3 Lessons I Never Expected Depression to Teach Me


It is only now, months after having experienced one of the most mentally and physically challenging battles I have yet to fight, that I have finally come to realize all depression has taught me about who I am and who I wish to be. It’s strange to imagine that such a bleak and what felt like a seemingly endless period in my life could have brought with it a single positive note. What could I have possibly gained from months and months of misery and self-loathing? Much more than I realized, in fact.

#1. Depression taught me how to be stand on my own two feet.

Before I had ever faced depression I had been what some would describe as something of a social butterfly. I surrounded myself with people constantly, loved the endless chatter. I even began to enjoy the false pretense I had created to hide my anxiety from the rest of the world and eventually even from myself. People were sort of like white noise — no matter what they said, at least the sounds of their voices kept me company and gave me a distraction from myself. Other people’s worries helped me avoid thinking about my own, until mine suddenly felt worthless. I easily forgot the big void in myself.

When depression struck, I no longer had the energy to put on such an effective façade. Eventually I pushed them all away, I was tired of being a best friend, an agony aunt, a personal problem solver, when I was drowning in my own problems. Finally came some silence. But I guess nothing is ever that simple. I didn’t realize until then what solitude was and that it felt so lonely. I didn’t realize how reliant I was on everyone else’s presence in my life to make me feel complete. I wasn’t lonely because I longed for the friendships I’d lost; I was lonely because I longed for something to plaster up the whole inside me that I couldn’t seem to fix myself.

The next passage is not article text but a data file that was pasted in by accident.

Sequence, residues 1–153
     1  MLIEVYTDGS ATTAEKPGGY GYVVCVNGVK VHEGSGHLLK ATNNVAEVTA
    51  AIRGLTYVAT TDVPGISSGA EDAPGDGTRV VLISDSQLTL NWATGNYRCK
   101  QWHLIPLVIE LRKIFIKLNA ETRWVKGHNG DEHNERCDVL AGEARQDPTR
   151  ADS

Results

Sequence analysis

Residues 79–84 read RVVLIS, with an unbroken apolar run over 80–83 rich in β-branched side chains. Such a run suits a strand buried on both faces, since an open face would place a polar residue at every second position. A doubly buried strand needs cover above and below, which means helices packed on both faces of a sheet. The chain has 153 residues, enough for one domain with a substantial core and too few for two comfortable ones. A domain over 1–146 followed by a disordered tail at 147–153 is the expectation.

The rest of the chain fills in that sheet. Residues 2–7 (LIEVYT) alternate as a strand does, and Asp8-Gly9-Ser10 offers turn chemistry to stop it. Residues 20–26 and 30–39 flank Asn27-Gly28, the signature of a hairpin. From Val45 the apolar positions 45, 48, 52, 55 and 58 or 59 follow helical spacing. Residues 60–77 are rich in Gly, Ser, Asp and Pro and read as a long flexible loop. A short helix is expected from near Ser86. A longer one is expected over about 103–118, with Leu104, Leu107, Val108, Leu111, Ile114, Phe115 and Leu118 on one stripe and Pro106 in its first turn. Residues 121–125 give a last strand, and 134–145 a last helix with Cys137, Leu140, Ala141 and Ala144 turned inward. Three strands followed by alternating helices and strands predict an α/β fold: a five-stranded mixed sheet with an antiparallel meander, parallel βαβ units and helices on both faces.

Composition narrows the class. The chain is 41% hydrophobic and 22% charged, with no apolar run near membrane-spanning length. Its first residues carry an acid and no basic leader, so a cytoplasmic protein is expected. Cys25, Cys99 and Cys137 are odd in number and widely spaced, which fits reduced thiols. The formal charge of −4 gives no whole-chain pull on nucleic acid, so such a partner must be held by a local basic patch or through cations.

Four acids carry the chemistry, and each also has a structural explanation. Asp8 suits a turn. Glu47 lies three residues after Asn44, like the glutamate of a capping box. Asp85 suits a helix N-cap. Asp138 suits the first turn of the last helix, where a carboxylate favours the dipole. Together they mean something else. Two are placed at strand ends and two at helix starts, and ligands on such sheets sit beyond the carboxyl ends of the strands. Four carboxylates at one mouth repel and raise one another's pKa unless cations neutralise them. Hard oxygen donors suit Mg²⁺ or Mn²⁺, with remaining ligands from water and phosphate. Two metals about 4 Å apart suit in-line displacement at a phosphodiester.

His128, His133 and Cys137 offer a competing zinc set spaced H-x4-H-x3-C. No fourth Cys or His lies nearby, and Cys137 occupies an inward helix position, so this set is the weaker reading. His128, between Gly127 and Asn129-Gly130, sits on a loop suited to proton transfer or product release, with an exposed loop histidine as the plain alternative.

Being completely detached from friends and family, I became an alien in a world I thought I knew so well. Now I sort of have a newfound gratitude for those around me and all the things they bring to my life, even the bad things because I am constantly learning from it all. Most importantly I am growing as a person. What this sort of major period of silence also taught me was that I was strong enough to survive by myself. I could and had to stand on my own two feet. I finally found my voice. And that wasn’t the voice that strained to always be the loudest in a room full of people. It was that little voice within me aching to be listened to. The voice inside I’d shunned because it spoke the truth. It told me my fears, faults, doubts and what I was truly feeling, not what I wanted to feel. For so long I had tried to be the person I thought everyone wanted me to be, that I wanted so desperately to be, that I began to doubt myself and who I really was. I had always told myself I had to be fearless and that anything else was a sign of weakness. The truth was, I hadn’t lived a day in which I wasn’t consumed by anxiety. Now I realized it was time to fix myself, instead of trying to fix everyone else.

#2. Depression taught me I’m not the only one.